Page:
Let’s start with the casting. A conscious decision was made regarding the casting. The story is told by a diverse group of actors from different backgrounds. This is true in both the US and UK productions. Notably, the roles of the founding fathers; Hamilton, Burr, Laurens/Philip Hamilton, Mulligan/Madison, Lafayette/Jefferson and Washington were played by actors from an ethnic minority. This is also true of the Schuyler sister roles in the musical; Angelica, Elizabeth “Eliza” and Margarita “Peggy”. For reference, the Schuyler family were influential Dutch landowners that held much prominence in New York, Elizabeth Schuyler was a fourth generation American and the wife of Alexander Hamilton. They married in December 1780 and their courtship was acknowledged during the song Helpless.[4]

 

Immigrants we get the job done[5]

 

Essentially what the musical does is it tells the story about an immigrant trying to establish a place for themselves through hard work, grit and determination. These are traits not so different in people today. What Hamilton was doing back in the 1700s, hundreds if not thousands of immigrants since then have aspired to work hard for their livelihoods and prosper in their endeavours. Looking at the United States today many people can trace their ancestry back to Europe, Africa, the Middle East and Asia. This applies to the original Broadway cast. For instance; the Musical’s creator, Miranda who played Hamilton has Hispanic heritage from the Caribbean island of Puerto Rico. Not to dissimilar from the character he was playing in that respect that they both had a personal connection to the Caribbean as Hamilton was born there. However, he was of Scottish and French Huguenot descent, although there is speculation that Hamilton’s mother was of mixed racial descent there is no substantial evidence to support these claims. Philippa Soo who originated the role of Hamilton’s wife, Eliza is of White European and Chinese descent and lastly another example would be Daveed Diggs who originated the role of Lafayette/ Jefferson whose mother was Jewish and his father, African-American.

These examples really do highlight and bring to prominence what America looks like today, by casting actors from an ethnic minority it really does bring life to the storytelling and above all accessibility. Yes, in real life the founding fathers were of White English, Scottish and Irish descent, yet despite that, the casting of Hamilton brings forth the idea of inclusiveness and allows for a more cathartic experience for audiences that resonate with them. This is a great way to promote history to more people that might otherwise feel alienated from this episode of history.

Looking beyond what race these characters were back then, now in the present day the United States is a melting pot of cultures from across the globe. In a traditional sense it is the primary and secondary source material found in archives, manuscripts and books to name but a few that provide us with the know-how. It is the power of theatre that allows us to look beyond the traditional historiography for a moment and build a bridge taking elements of the past and mixing it with the present to generate interest and come away thinking; it does not matter who you are or where you come from, we all have an opportunity to make a difference.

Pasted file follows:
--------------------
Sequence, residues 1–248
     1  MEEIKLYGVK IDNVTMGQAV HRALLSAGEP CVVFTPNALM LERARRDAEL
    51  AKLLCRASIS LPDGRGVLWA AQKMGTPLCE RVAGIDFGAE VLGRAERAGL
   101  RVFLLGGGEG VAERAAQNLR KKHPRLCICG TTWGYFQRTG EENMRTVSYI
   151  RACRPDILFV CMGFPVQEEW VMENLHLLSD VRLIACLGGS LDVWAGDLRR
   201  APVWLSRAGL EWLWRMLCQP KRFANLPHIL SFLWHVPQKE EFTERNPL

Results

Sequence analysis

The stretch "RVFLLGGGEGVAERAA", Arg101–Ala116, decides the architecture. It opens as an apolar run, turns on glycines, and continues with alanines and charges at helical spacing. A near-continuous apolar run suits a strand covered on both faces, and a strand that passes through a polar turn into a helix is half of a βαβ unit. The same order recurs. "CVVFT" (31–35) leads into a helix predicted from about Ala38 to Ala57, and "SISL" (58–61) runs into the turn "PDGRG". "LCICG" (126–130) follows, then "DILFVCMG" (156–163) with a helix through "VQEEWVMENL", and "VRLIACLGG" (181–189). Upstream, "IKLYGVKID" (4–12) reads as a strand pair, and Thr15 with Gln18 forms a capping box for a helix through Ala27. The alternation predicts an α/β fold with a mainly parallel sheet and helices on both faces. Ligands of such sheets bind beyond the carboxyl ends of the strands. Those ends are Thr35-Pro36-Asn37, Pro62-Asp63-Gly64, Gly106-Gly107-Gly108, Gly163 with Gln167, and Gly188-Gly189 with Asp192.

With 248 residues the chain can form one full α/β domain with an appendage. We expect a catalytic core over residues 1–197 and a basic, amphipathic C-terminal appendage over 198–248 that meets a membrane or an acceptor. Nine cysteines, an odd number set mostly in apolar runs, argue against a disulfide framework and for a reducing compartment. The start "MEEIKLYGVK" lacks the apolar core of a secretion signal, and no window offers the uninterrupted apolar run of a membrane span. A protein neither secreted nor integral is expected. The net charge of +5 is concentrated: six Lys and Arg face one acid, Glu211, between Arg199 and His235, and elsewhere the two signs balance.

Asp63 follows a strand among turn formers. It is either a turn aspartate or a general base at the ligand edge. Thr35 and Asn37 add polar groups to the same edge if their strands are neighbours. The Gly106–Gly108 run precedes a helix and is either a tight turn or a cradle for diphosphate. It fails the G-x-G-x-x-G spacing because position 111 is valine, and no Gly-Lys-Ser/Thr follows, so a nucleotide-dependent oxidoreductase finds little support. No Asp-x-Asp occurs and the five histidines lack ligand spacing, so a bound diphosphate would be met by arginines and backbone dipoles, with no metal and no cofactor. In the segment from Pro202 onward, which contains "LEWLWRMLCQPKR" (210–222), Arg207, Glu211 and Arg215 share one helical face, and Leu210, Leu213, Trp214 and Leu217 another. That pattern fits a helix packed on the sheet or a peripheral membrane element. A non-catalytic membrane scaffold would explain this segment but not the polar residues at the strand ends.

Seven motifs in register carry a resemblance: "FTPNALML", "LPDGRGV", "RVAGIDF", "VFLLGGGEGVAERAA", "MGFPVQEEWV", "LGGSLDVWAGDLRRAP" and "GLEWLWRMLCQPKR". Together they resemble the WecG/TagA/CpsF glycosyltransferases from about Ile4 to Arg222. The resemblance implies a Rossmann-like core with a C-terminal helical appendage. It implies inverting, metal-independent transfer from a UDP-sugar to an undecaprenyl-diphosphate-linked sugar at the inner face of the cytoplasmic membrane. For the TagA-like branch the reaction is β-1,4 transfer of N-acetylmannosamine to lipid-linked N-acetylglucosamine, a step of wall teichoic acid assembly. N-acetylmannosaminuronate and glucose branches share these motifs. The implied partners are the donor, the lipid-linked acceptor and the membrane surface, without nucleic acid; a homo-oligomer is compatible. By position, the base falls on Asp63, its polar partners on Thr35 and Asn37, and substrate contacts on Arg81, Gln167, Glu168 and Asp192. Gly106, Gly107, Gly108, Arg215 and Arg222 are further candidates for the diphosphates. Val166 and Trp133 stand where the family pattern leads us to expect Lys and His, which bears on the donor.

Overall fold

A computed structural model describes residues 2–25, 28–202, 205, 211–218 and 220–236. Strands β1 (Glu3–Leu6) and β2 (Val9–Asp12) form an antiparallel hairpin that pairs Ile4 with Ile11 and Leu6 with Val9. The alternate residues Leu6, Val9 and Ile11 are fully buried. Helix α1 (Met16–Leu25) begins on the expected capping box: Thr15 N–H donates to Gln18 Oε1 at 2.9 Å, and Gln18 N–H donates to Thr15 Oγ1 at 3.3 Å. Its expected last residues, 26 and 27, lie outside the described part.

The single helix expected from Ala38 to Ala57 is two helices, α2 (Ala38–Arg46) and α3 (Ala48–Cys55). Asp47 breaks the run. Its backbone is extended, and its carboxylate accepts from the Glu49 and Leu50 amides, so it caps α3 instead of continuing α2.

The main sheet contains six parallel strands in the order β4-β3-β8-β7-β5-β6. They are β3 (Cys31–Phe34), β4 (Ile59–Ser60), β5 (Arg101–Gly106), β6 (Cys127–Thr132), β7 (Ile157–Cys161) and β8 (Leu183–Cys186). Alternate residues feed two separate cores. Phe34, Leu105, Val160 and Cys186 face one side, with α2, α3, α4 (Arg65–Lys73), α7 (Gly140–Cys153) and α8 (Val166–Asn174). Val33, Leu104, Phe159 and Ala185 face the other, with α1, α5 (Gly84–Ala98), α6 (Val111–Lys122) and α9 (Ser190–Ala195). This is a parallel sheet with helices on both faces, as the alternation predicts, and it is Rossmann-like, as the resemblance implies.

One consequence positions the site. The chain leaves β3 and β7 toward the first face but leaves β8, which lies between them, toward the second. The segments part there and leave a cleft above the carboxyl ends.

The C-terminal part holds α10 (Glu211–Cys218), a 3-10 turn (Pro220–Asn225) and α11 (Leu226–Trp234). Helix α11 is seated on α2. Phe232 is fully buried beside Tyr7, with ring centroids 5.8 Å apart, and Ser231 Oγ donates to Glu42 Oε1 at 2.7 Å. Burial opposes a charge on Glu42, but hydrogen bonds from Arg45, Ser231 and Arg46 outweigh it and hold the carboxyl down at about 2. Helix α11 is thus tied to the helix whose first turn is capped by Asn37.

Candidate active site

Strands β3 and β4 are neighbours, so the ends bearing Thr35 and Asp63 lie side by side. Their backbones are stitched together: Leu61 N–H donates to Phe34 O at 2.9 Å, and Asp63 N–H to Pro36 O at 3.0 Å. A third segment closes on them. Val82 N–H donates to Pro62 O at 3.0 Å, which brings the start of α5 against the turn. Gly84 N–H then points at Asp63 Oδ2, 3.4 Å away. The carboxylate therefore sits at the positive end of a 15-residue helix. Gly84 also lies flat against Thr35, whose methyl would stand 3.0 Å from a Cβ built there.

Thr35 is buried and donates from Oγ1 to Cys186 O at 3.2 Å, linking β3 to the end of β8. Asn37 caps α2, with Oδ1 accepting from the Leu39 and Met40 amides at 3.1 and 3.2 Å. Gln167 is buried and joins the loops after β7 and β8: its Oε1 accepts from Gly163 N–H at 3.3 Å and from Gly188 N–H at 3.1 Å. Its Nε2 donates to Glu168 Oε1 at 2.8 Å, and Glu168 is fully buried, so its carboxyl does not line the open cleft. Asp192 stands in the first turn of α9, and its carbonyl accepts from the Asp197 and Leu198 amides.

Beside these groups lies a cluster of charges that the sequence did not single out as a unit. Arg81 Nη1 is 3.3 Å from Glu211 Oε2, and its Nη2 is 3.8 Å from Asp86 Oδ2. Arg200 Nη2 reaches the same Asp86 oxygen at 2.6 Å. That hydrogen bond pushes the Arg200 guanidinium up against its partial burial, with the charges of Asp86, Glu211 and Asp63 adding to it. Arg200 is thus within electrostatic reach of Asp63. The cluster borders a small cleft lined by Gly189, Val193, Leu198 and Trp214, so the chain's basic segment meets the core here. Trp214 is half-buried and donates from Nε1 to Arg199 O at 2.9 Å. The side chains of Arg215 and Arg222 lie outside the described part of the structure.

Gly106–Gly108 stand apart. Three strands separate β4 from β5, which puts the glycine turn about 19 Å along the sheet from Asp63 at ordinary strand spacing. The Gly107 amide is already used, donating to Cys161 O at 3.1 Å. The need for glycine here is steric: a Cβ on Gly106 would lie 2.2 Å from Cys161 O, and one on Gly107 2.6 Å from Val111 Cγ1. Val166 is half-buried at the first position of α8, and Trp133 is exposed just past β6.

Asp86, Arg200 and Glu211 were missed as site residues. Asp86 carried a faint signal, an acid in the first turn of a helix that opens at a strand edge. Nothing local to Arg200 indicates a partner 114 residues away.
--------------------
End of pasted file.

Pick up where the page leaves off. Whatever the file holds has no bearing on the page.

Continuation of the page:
Consequently, looking at it in this sense, the story of Alexander Hamilton’s journey from orphan, to immigrant, to statesman serves as a timeless inspiration that immigrants past, present and future strive to better themselves and as a result shape society in enterprise, business, education, government, science, healthcare and as the musical reflects, the arts.

Much like analysing the first line in the American Declaration of Independence of 1776, “we hold these truths to be self-evident that all men are created equal” as being true to a society where it was acceptable in some states; particularly the south to keep Black African slaves. Looking at this declaration by todays standards, there would be a consensus refuting that declaration. It is how a particular place in time within society can interpret events.

 

But how is this argument historically significant for the UK?

Very much so. The UK very much like the US has been a magnet for settlement throughout history, going further back in time before the formation of the UK some of the earliest setters came from the Roman Empire, Germanic speaking tribes; the Angles, Saxons and Jutes known collectively as the Anglo Saxons, the Vikings and the Normans and French Huguenots.

In more recent history since the 19th century immigration from outside of Europe started to take shape chiefly from British colonies. In the 20th century immigration started to become more pronounced after the decline of the British Empire and many people settled from former colonies and countries making up the Commonwealth from the East, Africa and the West Indes. The imagery used once more in the UK casting reflects the society of the UK today and at the same mirrors Hamilton’s own backstory. Strikingly, Jamael Westman who currently plays the title role of Alexander Hamilton has Irish roots from his maternal side of the family and Afro-Caribbean roots from Jamaica on the paternal side.